Nick Alexander’s most important role this year might have been as chairman of the Thoroughbred Owners of California, helping Santa Anita work its way through the horse deaths and safety issues.
Despite all the highs and lows, it’s likely his top memory will have come in his 1,460th start as an individual owner since 2000, when he got his first Grade 2 stakes victory Sunday.
It didn’t look easy, except when he replayed it in his mind after S Y Sky battled through the stretch and won the $200,000 Monrovia Stakes by three-quarters of a length over favored Belvoir Bay.
“We almost imagined the race that way based on the way she ran her last race at Golden Gate,” Alexander said of the horse’s victory in the Camilla Urso Stakes. “She laid back a couple of lengths and on the turn she went to the outside and all of a sudden had this huge turn of foot and she’s in the race and went past the leaders.
“I’ve had Grade 3s and a lot of allowance races and a lot of Cal-bred stakes winners. If I live long enough, maybe I’ll get a Grade 1.”
It was Alexander’s fourth stakes victory. He has owned horses for nearly four decades. His other victories were in Grade 3: Grazen in the Affirmed Handicap (2009), Pee Wee Reese in the American Stakes (2017) and Enola Gray in the Wilshire Stakes (2017).
The Monrovia Stakes was originally scheduled to be 6-1/2 furlongs down the hill. But that course was closed to sprints March 31 after Arms Runner was the 23rd death of the season at Santa Anita.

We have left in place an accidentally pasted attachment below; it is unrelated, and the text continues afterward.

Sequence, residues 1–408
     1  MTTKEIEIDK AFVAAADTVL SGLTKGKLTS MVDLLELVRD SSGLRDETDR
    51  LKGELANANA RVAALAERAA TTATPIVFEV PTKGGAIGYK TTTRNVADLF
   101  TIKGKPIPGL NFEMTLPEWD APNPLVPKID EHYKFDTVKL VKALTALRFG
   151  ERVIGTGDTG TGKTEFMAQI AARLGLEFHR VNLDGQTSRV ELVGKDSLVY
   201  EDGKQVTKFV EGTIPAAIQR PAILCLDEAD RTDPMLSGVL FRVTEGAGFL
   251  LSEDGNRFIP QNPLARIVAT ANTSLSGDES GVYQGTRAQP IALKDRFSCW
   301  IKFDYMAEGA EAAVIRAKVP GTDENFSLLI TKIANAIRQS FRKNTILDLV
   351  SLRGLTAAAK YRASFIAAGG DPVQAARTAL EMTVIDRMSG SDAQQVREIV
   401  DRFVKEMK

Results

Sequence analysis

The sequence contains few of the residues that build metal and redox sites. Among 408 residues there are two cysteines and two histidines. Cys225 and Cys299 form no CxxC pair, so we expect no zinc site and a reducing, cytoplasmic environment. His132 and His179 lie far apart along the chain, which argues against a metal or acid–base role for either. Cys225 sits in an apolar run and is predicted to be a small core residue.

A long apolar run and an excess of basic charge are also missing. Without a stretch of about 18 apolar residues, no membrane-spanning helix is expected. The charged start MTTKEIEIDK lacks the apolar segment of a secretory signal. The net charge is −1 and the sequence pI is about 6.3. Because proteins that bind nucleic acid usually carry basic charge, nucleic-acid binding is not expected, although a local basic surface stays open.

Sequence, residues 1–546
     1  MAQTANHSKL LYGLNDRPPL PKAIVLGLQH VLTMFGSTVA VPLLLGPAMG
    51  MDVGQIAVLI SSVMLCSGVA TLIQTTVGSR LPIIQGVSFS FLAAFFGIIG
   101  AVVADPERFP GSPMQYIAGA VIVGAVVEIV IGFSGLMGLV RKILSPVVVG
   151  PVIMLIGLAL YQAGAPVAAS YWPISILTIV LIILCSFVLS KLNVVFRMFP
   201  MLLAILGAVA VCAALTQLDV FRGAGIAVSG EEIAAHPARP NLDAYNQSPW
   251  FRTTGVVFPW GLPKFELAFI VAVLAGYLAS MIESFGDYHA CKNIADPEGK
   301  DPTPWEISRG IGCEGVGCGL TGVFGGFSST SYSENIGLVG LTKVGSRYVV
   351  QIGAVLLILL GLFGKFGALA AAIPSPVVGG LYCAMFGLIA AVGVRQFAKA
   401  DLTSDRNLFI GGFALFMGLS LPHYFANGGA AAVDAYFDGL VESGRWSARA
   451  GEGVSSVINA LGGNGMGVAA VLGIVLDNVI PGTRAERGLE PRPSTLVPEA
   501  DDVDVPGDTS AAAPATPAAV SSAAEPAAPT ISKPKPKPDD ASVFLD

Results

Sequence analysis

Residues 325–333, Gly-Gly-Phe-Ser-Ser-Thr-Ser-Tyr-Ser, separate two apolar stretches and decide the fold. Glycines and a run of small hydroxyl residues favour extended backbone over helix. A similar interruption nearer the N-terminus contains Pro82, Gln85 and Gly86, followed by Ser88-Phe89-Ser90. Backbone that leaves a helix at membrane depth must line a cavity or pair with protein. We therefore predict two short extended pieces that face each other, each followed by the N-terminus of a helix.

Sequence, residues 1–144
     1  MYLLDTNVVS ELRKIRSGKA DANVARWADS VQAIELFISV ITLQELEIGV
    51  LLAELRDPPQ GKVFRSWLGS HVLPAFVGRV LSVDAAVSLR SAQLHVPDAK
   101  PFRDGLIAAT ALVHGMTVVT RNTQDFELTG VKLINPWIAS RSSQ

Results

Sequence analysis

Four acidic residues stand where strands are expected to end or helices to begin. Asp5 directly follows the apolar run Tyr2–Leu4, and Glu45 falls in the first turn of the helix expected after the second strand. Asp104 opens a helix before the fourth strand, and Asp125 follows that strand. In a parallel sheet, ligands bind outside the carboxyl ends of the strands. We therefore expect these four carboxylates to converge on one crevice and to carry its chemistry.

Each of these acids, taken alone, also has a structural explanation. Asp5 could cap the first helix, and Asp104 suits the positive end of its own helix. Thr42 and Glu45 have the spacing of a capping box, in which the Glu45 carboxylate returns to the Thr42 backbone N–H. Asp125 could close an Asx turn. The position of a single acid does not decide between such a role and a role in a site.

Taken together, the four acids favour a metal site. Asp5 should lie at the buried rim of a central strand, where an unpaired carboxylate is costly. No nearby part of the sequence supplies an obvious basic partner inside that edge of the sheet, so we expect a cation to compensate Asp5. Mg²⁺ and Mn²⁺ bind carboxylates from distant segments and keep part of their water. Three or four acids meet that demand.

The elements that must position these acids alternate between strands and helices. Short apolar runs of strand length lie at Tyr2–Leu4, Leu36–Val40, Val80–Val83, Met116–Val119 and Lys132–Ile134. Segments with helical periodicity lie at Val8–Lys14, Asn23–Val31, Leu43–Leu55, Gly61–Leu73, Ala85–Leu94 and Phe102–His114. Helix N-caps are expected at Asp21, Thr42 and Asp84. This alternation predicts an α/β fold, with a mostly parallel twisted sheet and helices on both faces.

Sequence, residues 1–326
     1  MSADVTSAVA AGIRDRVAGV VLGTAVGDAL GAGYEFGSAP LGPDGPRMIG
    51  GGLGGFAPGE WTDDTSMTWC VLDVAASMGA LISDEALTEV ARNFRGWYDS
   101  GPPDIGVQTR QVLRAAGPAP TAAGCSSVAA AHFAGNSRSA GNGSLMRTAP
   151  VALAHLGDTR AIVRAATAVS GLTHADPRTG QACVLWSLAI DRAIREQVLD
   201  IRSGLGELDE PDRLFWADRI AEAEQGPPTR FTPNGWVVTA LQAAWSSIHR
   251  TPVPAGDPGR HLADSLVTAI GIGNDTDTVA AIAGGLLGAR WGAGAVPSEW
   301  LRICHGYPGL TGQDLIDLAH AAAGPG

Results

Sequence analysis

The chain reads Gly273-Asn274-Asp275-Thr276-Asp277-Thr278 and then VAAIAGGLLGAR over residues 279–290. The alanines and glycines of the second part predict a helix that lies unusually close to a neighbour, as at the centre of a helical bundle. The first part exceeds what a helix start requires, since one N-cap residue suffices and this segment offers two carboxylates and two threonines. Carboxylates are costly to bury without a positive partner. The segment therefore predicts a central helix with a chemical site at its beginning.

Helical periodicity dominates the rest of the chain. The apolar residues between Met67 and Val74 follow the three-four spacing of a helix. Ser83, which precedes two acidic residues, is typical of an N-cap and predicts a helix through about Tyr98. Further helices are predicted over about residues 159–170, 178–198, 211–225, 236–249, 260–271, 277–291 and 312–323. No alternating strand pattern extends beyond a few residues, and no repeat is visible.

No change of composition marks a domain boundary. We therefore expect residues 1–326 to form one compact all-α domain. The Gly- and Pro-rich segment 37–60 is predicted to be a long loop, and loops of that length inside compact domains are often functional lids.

The Monrovia was switched to five furlongs on the turf and finally Sunday morning it was switched off the grass to the dirt because of a wet surface. The four one-mile grass races were left on the turf.
“I think when they are going at a real fast sprint, going five [furlongs] on the grass there can be a tendency to slip a little bit more,” winning trainer Phil D’Amato said. “It was just to be safe.”
Racing secretary Steve Lym did not respond to a message from The Times for an explanation.
S Y Sky paid $6.20, $2.60 and $2.10. Lady Suebee was third. Drayden Van Dyke was the winning jockey.
In Sunday’s other stakes race, My Majestic Rose moved ahead at the end by half a length to win the Grade 2 $200,000 Summertime Oaks for 3-year-old fillies going 1-1/16 miles on the dirt. The filly shipped in from Kentucky for the race along with trainer Rodolphe Brisset, who used to be an assistant for Bill Mott.
“It wasn’t really a gamble to bring her out here, not to me,” Brisset said. “It was small field [of five] and at the end of the day if we ran third, it’s still black type. So, it was more difficult to find a way here than it was to make the decision.”
Black type is the designation for good performances in the stallion books.
My Majestic Rose paid $13.80, $4.60 and $2.80. Sneaking Out was second and Colonial Greed was third. Flavien Prat was the winning rider.